Asking The Right Question

By John Carr, NMA Massachusetts Activist

Often in science you want to measure something you can’t look at directly.

You might read in the paper that scientists have measured the temperature thousands or millions of years ago. They haven’t. They have measured something in the present day, say the ratio of two isotopes of oxygen or the thickness of layers of rock under an ancient lake, and used a model to draw conclusions about past climate. This does not make the conclusions inherently unreliable. The conclusions are as good as the model. How good are climate models? A newspaper can’t tell you.

In the 1960s scientists showed that the sun was going out — deep inside it was only producing a third as much energy as it should. Was earth doomed? No. In fact, scientists never announced our doom; that was speculation by some science writers. What scientists measured was the number of argon atoms in a tank of dry cleaning fluid a mile underground in South Dakota. Oddly enough, that can tell you how bright the sun is. But in the 1960s they didn’t know you have to multiply by three at one step in the calculations. It took 30 more years of experiments to find a small error in our theory of subatomic particles. (The late John Bahcall has an article from a physicist’s point of view. Wikipedia has an article from Wikipedia’s point of view.)

We can’t build a time machine (yet). We can’t stick a thermometer inside the sun (yet). We have to use indirect methods to estimate paleoclimate or solar fusion. Luckily, we can look at traffic as it happens.

I asked a few weeks ago, why is it I don’t care about red light running and red light running crashes? The answer is, they aren’t important on their own. Some people want to use them to estimate total crashes. We don’t need to. We already know the total number of crashes and injuries. Further, red light running violations and red light running crashes are not accurate predictors of that total.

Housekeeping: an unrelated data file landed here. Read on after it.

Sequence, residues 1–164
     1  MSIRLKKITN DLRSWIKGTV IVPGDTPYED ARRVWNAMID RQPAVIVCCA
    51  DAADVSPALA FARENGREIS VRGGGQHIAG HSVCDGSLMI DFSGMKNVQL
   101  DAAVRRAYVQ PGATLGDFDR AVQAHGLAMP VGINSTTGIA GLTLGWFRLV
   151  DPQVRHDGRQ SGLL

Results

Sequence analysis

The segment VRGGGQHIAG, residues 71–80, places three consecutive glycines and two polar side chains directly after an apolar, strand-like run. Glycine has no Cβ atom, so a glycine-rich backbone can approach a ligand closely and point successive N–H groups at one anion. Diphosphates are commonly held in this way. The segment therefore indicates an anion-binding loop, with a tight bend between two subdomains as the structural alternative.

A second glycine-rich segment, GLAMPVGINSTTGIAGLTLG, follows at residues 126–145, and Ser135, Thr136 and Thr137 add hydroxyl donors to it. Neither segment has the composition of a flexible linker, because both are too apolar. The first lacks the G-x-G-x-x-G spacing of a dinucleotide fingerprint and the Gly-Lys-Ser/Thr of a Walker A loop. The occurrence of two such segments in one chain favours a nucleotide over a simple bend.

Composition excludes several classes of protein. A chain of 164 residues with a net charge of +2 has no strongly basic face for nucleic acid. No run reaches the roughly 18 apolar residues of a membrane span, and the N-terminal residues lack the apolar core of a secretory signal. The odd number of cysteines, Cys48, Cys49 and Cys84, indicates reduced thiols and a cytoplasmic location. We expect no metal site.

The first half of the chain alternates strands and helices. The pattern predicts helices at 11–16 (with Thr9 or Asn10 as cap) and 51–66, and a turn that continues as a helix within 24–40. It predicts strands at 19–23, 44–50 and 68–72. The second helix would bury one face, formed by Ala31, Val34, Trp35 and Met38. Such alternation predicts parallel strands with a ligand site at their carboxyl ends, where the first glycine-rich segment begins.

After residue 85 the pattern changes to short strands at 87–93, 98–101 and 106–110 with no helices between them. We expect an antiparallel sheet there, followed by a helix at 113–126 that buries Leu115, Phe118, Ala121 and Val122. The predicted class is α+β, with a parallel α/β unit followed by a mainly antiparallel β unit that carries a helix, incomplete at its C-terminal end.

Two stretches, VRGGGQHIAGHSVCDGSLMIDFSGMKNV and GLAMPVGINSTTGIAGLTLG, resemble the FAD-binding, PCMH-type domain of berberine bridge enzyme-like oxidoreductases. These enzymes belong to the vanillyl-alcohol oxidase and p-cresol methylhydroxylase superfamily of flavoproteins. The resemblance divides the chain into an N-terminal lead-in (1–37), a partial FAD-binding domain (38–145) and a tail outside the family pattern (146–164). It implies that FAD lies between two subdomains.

The theory behind red light cameras is that enforcement reduces violations and reducing violations reduces crashes.

At a typical intersection with cameras, red light violations go down. The first half of the theory is right, but the second half is wrong. Total crashes, total injuries, and total property damage will go up. So the theory as a whole is wrong. I’ll explain another time why I think the theory is wrong. We have enough evidence to say that it is wrong even if we aren’t sure why.

Faced with facts, camera companies quickly invented a new statistic: red light running crashes. Say, right angle collisions where neither car was turning, one car entered on red, and both cars were past the crosswalk when they collided. They took complete crash records, ignored most of the crashes, and said the rest went down.

Like I said, we know the total number of crashes. You should rely on indirect measurements, or “proxy variables,” only when you don’t know the real quantity of interest. Reporting only a decrease in right angle collisions with both cars over the stop line, and pretending that represents an overall safety improvement, is fraud.

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